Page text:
9 / 10 Banzai!s
Zombie mania is here. And to celebrate, Telltale Games has created The Walking Dead, a game inspired by Robert Kirkman’s comic book series of the same name – which in turn has also been turned in an AMC TV show. In a nutshell, The Walking Dead game is a point-and-click adventure, like many other Telltale titles such as Back to the Future and the CSI series. But that’s in a nutshell, mind you. The Walking Dead is actually far more than just that.
Reminiscent of Quantic Dream’s Heavy Rain, players perform actions and make choices along the way, which alter events along the storyline as well as your interaction with other characters. Unlike X-Men: Destiny, these choices matter. Save one character and not the other, and continue the story with one of the characters dead. Disagree with someone, and that person will refuse to help you later on.
As stated earlier, the game is “inspired” by the comic book, existing in the same zombie-infested world, but with a new cast and story (though a few characters familiar to the comic make some cameos). You play as Lee Everett, a convicted felon riding in the back of a squad car on his way to prison, when the zombie outbreak begins. After surviving a car accident, he makes it to the nearest town – and is shocked to see undead walkers roaming the streets in search of human flesh. He meets a young girl named Clementine who’s been hiding up in her treehouse, and the two become a team as they search for safety, food, form a group of friends, and attempt to survive in this apocalyptic world.
Much of the game involves problem-solving. Explore a given area, find the tools you need, and figure out how to use them in order to reach your goal. Along the way, you’ll be settling arguments by choosing (under a time limit of a few seconds) how to respond to members in your group, making friends by finding and handing out food, making enemies by not giving them food, and of course battling the occasional zombie in a quick mini-game.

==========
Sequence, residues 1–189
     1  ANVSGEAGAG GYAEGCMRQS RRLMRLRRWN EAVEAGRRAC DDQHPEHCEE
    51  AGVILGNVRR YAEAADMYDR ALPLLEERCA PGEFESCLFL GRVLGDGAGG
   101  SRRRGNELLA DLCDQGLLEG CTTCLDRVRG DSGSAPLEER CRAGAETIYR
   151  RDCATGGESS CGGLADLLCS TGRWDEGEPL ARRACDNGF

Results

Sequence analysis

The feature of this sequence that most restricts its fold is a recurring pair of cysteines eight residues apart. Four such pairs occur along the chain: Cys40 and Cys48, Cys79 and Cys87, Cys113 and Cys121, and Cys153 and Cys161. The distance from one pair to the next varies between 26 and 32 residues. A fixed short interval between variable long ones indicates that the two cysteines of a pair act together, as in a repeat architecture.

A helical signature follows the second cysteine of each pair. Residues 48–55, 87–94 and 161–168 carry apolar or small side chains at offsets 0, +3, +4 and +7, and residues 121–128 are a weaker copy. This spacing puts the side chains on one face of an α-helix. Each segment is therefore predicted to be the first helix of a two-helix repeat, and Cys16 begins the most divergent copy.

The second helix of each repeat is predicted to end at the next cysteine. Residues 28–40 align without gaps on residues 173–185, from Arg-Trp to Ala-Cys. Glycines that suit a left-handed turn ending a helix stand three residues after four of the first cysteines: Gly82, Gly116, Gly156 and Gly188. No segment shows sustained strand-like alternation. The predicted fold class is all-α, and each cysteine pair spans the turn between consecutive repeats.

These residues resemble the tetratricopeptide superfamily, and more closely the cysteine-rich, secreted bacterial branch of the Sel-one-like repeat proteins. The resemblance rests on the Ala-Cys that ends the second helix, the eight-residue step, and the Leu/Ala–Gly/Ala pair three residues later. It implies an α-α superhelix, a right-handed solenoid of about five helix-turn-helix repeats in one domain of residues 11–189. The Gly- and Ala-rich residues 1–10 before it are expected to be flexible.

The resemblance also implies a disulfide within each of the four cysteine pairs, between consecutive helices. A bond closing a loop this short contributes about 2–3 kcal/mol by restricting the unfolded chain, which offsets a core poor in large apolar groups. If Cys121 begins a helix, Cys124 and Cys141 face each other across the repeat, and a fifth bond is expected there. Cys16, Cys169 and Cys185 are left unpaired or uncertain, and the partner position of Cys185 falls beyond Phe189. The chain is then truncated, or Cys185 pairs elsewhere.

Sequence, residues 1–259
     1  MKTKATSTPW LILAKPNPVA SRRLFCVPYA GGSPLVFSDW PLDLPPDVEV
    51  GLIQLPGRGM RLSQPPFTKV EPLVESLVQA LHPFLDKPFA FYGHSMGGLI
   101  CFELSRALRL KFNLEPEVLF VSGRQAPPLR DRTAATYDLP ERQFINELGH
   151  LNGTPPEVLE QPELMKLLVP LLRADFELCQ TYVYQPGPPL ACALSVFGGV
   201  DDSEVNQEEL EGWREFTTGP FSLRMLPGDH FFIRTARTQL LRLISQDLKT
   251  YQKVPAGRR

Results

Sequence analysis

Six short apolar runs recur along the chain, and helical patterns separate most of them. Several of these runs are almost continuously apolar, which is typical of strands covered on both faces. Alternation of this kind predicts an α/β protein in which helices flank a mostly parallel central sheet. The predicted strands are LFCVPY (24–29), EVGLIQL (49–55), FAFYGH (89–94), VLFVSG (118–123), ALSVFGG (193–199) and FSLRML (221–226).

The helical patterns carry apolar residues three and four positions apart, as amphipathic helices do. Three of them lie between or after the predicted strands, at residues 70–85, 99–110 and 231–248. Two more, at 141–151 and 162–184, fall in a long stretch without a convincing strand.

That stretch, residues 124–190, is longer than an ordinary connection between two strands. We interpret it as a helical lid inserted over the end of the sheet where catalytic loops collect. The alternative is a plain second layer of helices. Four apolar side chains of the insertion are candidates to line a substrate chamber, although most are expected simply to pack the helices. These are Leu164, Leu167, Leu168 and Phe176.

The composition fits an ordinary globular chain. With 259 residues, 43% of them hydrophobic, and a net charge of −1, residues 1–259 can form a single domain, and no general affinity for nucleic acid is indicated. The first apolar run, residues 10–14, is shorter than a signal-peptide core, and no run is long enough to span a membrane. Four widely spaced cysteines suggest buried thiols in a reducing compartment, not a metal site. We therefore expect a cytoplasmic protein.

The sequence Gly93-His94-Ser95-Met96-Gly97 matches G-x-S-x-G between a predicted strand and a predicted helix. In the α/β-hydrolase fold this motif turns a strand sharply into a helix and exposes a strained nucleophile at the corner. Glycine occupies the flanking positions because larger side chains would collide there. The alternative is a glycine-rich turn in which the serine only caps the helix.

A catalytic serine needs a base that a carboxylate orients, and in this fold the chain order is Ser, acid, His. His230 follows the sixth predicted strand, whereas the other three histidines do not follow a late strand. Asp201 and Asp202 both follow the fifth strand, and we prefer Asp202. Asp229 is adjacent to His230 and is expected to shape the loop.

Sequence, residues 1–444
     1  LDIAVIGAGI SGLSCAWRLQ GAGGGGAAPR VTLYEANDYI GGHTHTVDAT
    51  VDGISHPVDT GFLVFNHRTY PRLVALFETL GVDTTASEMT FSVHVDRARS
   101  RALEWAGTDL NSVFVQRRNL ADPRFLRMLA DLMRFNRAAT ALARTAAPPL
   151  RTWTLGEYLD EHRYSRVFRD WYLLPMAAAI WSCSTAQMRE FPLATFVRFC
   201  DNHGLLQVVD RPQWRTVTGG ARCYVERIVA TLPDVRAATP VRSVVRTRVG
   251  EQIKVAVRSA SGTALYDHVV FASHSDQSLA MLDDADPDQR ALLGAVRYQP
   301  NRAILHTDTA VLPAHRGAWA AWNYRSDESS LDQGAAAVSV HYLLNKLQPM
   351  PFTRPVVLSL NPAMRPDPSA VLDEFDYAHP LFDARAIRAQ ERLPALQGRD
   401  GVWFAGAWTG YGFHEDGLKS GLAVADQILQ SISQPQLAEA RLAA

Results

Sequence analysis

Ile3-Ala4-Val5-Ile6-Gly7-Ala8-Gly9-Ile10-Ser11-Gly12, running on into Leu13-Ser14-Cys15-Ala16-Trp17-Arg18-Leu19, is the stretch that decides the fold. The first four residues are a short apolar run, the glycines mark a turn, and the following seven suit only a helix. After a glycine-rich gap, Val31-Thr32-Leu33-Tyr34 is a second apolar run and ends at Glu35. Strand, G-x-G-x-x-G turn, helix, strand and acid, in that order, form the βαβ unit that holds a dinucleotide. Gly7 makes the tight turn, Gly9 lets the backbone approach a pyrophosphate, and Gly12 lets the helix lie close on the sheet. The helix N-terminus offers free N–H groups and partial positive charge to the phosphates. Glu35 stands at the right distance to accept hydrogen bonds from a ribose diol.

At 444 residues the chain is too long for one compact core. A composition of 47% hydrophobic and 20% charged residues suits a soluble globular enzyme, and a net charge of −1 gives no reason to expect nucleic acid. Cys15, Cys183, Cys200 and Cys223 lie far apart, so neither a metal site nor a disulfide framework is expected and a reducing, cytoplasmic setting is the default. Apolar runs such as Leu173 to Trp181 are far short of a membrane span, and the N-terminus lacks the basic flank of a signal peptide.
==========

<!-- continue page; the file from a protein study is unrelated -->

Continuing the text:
The Walking Dead video game was released in a series of episodes, five in total, beginning in April of 2012. In July 2013, Telltale released a bonus story titled 400 Days as an added DLC. Despite being criticized for glitches and receiving only moderately positive reviews, The Walking Dead video game received numerous Game Of The Year awards from a number of newspapers and magazines, including USA Today, E!, GamesRadar, and Best Downloadable Game at the 2012 Spike Video Game Awards.
What I Liked:
Obviously there’s a lot I liked about this game, to warrant 9 Banzai!s out of 10. The game strongly focuses on the story, and the story is the best part of the game. It’s as fascinating and suspenseful as the TV show based on the comic, with its own brand of colourful characters. The overall game has its own metaplot, but each Episode explores a specific aspect with its own plot and goal. Much like the comics, The Walking Dead video game begins with the focus on the zombies themselves. But soon, the players will face an even more dangerous adversary: other human beings.